Posted by: Kay Heffernan | November 17, 2014

Documentation in the Digital Age

Alli’s post about un/documentation recalled the discussions we had about documentation of criminals and, later, of Irish political prisoners towards the beginning of the semester. Today, she said, we have countless outlets via social media platforms through which to channel our voices: Facebook, Twitter, Instagram, Pinterest and the like. We are documenting ourselves. While I agree that a class-determined invisibility (also determined by celebrity status?) exists, I see a great threat posited by the documentary and archival functions of these platforms – a threat for everyone, regardless of personal and social identities.

In September of this year, the FBI released a statement that its improved biometric analysis software was at “full operational capacity.” This system, in development for over eight years, is called Next Generation Identification (NGI) and will replace completely the FBI’s preexisting fingerprint identification database/program. NGI captures not only facial structure and fingerprints, but also tattoos, scars, bodily marks, and gait. Although the FBI has allegedly has the storage capacity for this data for years, NGI automates the process of documentation and retrieval. NGI does what the police officers and documentarians in Irish political prisons couldn’t do: streamline the archival and functional processes of documentation of criminals to actually be useful – or harmful, depending on how you view it.

According to the FBI’s press release, NGI has more advanced biometric recognition and capture capabilities than any identification system before. With a new feature called Rap Back, police and other surveilling authorities will “receive ongoing status notifications of any criminal history reported on individuals holding positions of trust.” Rap Back also monitors people under “investigation or supervision,” potentially encompassing a wide range of criminals, guilty or not.

On September 14, the FBI declared that its new digital archive holds over 52 million faces of  criminals and civilians. Because of the recent Freedom of Information Act, the FBI is required to provide estimates of civilian faces, thought to be up to 4.3 million. These civilian photographs are taken from employer records as well as the aforementioned social media platforms. The FBI claims that those selected by the system are not identified as criminals, but as “investigative leads.” In other words (of the FBI), NGI will not incriminate innocent civilians. I don’t buy this. Consider how the biometric documentation of the body and physical/anatomical definition of the criminal begun by Lombroso and Bertillon continues in our societal fascination with the body today. Are misleading physiognomic analyses making a return to the FBI’s investigations? (Okay, maybe not that far, but the widespread and civilian analysis is frightening.)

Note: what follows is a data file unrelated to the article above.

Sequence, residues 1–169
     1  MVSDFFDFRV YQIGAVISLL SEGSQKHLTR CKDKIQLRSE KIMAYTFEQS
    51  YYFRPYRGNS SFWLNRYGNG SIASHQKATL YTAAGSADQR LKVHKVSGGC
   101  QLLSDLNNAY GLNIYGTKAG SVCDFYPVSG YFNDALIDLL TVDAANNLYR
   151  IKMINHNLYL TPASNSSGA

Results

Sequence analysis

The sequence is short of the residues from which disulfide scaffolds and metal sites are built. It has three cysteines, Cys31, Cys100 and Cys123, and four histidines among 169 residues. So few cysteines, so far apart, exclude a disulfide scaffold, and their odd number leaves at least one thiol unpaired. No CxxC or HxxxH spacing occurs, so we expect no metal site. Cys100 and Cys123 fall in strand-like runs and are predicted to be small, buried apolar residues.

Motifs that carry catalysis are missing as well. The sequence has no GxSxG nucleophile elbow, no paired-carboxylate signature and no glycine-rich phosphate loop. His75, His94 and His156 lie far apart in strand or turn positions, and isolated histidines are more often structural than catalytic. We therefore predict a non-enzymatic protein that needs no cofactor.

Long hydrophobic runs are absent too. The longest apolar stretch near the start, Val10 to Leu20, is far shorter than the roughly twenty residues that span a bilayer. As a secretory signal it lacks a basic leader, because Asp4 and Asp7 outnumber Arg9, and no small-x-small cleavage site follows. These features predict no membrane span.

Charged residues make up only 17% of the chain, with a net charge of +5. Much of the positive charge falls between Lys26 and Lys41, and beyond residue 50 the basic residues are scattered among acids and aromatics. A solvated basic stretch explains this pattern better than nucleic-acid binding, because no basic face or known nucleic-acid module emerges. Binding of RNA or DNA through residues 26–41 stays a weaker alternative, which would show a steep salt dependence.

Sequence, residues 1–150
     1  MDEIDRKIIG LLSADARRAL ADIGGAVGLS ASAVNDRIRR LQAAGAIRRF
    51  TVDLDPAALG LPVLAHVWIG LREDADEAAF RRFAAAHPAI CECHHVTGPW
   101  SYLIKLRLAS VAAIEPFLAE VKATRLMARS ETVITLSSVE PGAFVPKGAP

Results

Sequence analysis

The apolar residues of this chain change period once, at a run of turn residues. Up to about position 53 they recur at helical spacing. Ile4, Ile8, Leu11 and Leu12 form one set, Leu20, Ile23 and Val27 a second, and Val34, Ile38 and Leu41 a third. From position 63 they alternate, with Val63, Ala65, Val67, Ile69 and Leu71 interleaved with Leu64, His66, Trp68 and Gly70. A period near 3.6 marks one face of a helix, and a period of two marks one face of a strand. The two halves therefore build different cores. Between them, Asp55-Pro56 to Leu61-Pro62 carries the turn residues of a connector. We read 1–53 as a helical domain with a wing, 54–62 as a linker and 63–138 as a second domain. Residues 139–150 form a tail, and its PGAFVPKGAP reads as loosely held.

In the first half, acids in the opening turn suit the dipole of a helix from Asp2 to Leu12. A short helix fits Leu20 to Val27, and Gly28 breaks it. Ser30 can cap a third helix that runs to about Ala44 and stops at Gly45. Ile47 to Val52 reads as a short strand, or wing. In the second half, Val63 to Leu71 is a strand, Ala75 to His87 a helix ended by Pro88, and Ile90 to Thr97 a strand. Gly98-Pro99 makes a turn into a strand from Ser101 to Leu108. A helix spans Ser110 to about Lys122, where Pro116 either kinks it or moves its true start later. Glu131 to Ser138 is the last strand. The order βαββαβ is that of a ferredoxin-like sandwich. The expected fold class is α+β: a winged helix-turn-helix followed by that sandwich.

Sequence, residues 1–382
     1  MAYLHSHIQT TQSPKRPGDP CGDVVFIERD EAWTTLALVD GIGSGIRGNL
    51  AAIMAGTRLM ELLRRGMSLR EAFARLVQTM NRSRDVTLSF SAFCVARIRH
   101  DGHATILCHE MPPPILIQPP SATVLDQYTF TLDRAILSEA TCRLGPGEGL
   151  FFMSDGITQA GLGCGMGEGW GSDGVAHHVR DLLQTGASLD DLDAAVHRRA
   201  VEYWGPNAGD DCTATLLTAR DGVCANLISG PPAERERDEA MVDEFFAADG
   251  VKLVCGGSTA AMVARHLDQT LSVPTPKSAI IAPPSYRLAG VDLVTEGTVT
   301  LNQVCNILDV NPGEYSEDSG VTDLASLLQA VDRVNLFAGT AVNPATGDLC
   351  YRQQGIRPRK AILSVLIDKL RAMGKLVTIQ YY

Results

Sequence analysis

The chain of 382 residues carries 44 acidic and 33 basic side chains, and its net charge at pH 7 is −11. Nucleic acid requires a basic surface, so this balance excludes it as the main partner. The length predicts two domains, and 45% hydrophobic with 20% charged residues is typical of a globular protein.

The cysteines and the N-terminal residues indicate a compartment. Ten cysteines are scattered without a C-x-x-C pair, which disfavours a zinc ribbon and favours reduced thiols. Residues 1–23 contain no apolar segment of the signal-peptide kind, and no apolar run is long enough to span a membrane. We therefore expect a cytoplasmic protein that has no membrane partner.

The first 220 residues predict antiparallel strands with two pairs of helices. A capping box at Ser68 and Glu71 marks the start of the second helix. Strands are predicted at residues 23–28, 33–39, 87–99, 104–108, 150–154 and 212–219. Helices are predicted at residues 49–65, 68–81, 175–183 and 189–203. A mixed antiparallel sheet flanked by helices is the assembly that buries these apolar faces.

To return Alli’s question about documentation and invisibility, I don’t think that any of us are wholly invisible with this new NGI software. Surveillance camera footage, selfies posted on Instagram, tagged photos on Facebook – we are, to quote journalist Natasha Lennard, “feed[ing]” the information system, increasing this software’s ability to recognize and inculcate us in crimes and other questionable activities. Whether we document ourselves, we are not invisible.

Makes me think twice about Instagramming the tattoo I want to get over break…


Federal Bureau of Investigation. Criminal Justice Information Services. FBI Announces
Full Operational Capability of the Next Generation Identification 5 Sept. 2014.
Federal Bureau of Investigation. Criminal Justice Information Services. Image-Based Matching Technology Offers Identification and Intelligence 2013.
Lennard, Natasha. “Your Face, Voice, and Tattoos Are the FBI’s Business Now.” Vice News. N.p., 17 Sept. 2014.

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